Days of Wine and Roses
This was supposed to be a fun column for the Labor Day edition, the deadline to occur during my 10-day vacation.
Not knowing if I’d have wi-fi aboard ship, I left behind a perfectly adequate column about the joys of dining with dogs on Rehoboth restaurant patios.
A writer plans and the Delaware Division of Public Health laughs.
While I was trotting around France, a little-known state regulation banning dogs on restaurant patios reared its head.
Seriously? And I’m about to publish a puff piece hawking the joys of brunching in public with our best friends?
Hold the presses. I texted home to pull the column, and instead I am in Normandy, France, thumbing a replacement column on my phone.
We’ve sailed the Seine from Paris to the beaches of Normandy, seeing Van Gogh’s wheat fields and Monet’s water lilies. In Rouen we photographed 16th century buildings and sampled the apple “cider” of the region.
It’s an Olivia Riverboat cruise, so my wife and I have been with 125 other lesbians, enjoying a fabulous week of wine, women, and song. And croissants. Escargot. Champagne.
Comic musician Lisa Koch is onboard. She spontaneously came up with a song about the lone female crew member athletically handling the lines on the ship’s bow as a hundred queer girls ogled her from the cocktail lounge. I’m sure Lisa has apologies for Sondheim for the new lyrics to “Maria,” which had us, including crew member Maria, howling with laughter.
As we drove by bus to one of the picturesque towns, our local guide told us all about the history of the area and pointed out marvelous sights— including the church where she was recently married. Then, she added “to a woman!” And the passengers erupted in congratulatory cheers.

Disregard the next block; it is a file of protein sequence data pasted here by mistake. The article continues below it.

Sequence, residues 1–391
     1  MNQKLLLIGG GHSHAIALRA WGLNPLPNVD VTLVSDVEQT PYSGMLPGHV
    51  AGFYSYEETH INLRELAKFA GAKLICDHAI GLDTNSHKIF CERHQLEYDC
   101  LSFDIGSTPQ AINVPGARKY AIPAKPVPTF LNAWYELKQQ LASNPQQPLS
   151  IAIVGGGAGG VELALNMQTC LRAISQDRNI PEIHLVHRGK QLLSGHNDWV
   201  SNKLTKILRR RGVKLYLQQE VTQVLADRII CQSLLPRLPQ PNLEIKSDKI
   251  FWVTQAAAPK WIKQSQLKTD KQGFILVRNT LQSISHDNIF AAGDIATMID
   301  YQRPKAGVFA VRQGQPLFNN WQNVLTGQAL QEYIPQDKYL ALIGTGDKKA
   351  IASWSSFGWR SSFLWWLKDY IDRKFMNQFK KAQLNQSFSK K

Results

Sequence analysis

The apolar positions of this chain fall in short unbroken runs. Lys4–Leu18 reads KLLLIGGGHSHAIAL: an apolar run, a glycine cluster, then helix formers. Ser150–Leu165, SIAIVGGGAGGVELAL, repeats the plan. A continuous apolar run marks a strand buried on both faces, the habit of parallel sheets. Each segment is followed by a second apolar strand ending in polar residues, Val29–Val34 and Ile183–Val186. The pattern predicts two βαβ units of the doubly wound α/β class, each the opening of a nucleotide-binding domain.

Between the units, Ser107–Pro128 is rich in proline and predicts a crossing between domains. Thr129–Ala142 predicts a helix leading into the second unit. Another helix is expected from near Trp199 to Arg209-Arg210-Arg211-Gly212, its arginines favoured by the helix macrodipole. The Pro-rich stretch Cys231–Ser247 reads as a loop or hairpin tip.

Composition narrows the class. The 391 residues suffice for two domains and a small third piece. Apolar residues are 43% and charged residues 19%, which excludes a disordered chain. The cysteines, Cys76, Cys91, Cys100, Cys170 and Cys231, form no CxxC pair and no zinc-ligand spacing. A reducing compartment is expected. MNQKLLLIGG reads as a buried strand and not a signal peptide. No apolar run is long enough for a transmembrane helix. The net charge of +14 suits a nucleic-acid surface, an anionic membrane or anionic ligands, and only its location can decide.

Today, we lunched at a French farmhouse liberated in 1944, and wound up at Omaha Beach and the American cemetery there, still decorated for last June’s 75th anniversary of D-Day.
There are over 9,000 U.S soldiers buried there. We placed roses on the monuments.
I gazed out on the beach where so many Americans fell or risked their lives, and tears rolled down my face—not just for those brave soldiers, but for my country, which in many ways is behaving increasingly as our sworn enemies did in the 1940s.
What have we become? How do we fight for our democracy? How do we quell the hate and reclaim our national reputation for having room for all?
As I write this, we’ve got two more days of strong coffee, baguettes, art, sightseeing, and fine red wines. My veins are full of pure lard by now.
But when we get home, first, I’m hoping the canine patio issue gets resolved so I can run my column celebrating (a dietetic) brunch with Fido.
But more importantly, I hope the lesson I took from the D-Day landing sites propels me to work like crazy to fight and help win the 2020 battle of the ballot box. I hope you’ll join me. For the memory of those more than 9,000 Americans buried in Normandy and many more all over the world, we can do nothing less. ▼
Fay Jacobs is an author of five published memoirs. Her newest is Fried & Convicted: Rehoboth Beach Uncorked. As a humorist, she’s touring with her show Aging Gracelessly: 50 Shades of Fay.